Step 5. Do a trial run
Before you set out on your backpacking trip, try to do a trial run before you leave. Even if this is just half an hour around your neighborhood, you’ll be thankful that you did. If your pack is off-balance, feels like its pulling you backwards or some straps are starting to rub – then this will give you the opportunity to rethink and reconfigure before it is too late.
It is also worth packing, unpacking and repacking your backpack several times at home. With each iteration, you’ll be faster and more efficient and will be glad of this when you head out. Time is precious when out on the trail, and backpacking requires a good amount of self-discipline to be enjoyed fully.
What do I do if my backpack is too heavy?
This is a common complaint among backpackers – even those with experience. It can be very tempting to stash extra little luxuries into pockets, or bring more clothes “just in case”, or plan indulgent trail meals. These can add up very quickly and those add unwanted pounds to your backpack.
If you find your pack is too heavy, take everything out and start again. Look at all of your items from square one and determine where you can cut weight. If you’re backpacking as part of a group, get together and assess what everyone is bringing and what can be shared out. If going alone, take only essentials and deny yourself those luxuries.
Every backpacker is different, but almost all would agree that shedding pounds before the hit the trail is worth well more than those little extras!
Are ultralight backpacks worth it?
Ultralight backpacks are generally only used by very seasoned backpackers. They are designed with the lightest materials, and generally come “no bells and whistles” to shave off precious ounces. They are popular among long-distance thru-hikers completing trails like the Appalachian Trail or Pacific Crest Trail – situations where you’ll be walking for months on end and go many days between resupply points.
Due to their lightweight construction, they tend to be a little less durable than regular backpacks. They are generally considered unsuitable for terrains with dense forest or bush-whacking, as the fabrics are more prone to snag or rip. That being said, if you don’t mind fashioning a patch yourself on the trail, a couple of rips here and there may not stop you from going ultralight in these terrains.
These ultralight packs are often more expensive, so if you are new to backpacking then stick with your normal backpack for now. Once you have completed several thru-hikes, removed every unnecessary ounce you can think of and still want to go lighter: then consider investing in an ultralight backpack.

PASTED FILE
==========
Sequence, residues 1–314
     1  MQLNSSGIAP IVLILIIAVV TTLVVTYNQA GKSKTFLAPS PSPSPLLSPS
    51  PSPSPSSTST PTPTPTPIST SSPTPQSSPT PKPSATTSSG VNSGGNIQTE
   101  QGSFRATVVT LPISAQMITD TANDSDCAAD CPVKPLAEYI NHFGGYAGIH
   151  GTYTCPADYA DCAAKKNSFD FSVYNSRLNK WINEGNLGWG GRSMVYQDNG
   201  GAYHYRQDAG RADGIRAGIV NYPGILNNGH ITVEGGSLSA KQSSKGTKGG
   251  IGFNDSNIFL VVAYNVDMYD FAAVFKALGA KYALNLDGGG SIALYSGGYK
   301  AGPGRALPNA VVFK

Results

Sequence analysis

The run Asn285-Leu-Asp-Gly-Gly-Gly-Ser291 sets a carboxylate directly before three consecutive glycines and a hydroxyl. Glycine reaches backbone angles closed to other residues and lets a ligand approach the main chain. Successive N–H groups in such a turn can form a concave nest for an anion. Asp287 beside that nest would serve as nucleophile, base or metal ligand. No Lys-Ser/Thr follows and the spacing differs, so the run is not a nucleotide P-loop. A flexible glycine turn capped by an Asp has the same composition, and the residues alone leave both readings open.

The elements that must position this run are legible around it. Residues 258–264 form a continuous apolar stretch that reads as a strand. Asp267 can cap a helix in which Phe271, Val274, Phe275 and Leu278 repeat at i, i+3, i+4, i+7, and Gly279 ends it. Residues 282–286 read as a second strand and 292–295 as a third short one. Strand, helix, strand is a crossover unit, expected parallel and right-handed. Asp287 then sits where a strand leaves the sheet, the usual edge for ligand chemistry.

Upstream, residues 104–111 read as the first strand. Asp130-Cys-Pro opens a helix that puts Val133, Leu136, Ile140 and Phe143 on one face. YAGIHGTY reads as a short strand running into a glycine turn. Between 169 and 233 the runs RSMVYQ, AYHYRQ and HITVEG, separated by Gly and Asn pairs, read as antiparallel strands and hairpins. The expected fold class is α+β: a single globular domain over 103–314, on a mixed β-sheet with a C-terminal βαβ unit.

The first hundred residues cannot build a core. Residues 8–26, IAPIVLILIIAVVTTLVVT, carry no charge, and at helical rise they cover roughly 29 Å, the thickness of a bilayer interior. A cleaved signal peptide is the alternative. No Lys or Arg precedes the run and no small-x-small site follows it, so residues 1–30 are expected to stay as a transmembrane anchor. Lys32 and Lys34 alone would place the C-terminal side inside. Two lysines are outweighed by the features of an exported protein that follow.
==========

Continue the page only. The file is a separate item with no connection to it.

How do you train for a heavy backpack?
There is a common misconception that only the fittest hikers or serious gym-bunnies are capable of serious backpacking. This is not true! Backpacking with a heavy load is as much a mental game as a physical one, and there are several things you can do to get ready no matter your starting fitness level.
One of the best and most obvious ways is to get out there and do it! If you have a big trail in mind, then start with some shorter day or overnight hikes with a reasonably heavy pack to start getting your muscles used to that type of exercise. Don’t avoid uphill – this is one of the best types of terrain for strength and conditioning in your legs and core.
Pay attention to your knees. Going downhill with a heavy backpack can really put your knee joints through their paces, and you don’t want to end up injured out on the trail. Look for some light mobility exercises in your knees, hips and ankles, and gradually include and increase weight to these exercises too.
Related article: How To Increase Your Stamina For Hiking (10 Tips and Tricks)
If you enjoy going to the gym, there are several exercises you can do to help train you for a heavy backpack too. Instead of pushing yourself with your maximum weight on static exercises such as squats, dead lifts and bench press; opt instead for a lower weight on dynamic movements such as lunges, squat jumps and kettle bell swings.
Backpacking is a great combination of cardio, strength and endurance – so anything you can do which improves those areas will stand you in good stead when you hit the trail.
Up Next In Backpacking Gear and Advice:
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Suzie Hall has a passion for all things wild and is a scuba diver and Orcalab researcher based in Hanson Island off the north coast of Vancouver Island, British Columbia. She spends most of her time exploring this great wide earth and her travels have taken her to some remarkable locations including Patagonia, Kyrgyzstan and the wild British Columbia coast. Fueled by a drive to protect our wild spaces and their inhabitants, Suzie works in conservation projects around the globe and lives to write about the amazing people, places and wildlife she encounters.